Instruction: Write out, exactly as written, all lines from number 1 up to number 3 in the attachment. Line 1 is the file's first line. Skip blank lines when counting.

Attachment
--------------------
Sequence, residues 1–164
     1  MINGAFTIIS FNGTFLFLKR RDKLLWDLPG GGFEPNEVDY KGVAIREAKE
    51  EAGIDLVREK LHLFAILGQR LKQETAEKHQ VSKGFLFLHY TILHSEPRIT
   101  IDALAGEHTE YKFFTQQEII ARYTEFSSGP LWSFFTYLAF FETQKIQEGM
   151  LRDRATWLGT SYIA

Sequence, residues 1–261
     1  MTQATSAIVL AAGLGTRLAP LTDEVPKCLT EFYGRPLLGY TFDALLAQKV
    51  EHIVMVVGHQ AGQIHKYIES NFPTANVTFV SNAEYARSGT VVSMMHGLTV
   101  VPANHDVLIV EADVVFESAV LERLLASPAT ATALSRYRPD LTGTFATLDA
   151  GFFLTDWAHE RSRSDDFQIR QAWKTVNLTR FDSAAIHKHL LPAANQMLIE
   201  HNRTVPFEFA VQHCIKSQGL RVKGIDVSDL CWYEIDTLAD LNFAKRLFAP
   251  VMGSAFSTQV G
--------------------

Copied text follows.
Sequence, residues 1–164
     1  MINGAFTIIS FNGTFLFLKR RDKLLWDLPG GGFEPNEVDY KGVAIREAKE
    51  EAGIDLVREK LHLFAILGQR LKQETAEKHQ VSKGFLFLHY TILHSEPRIT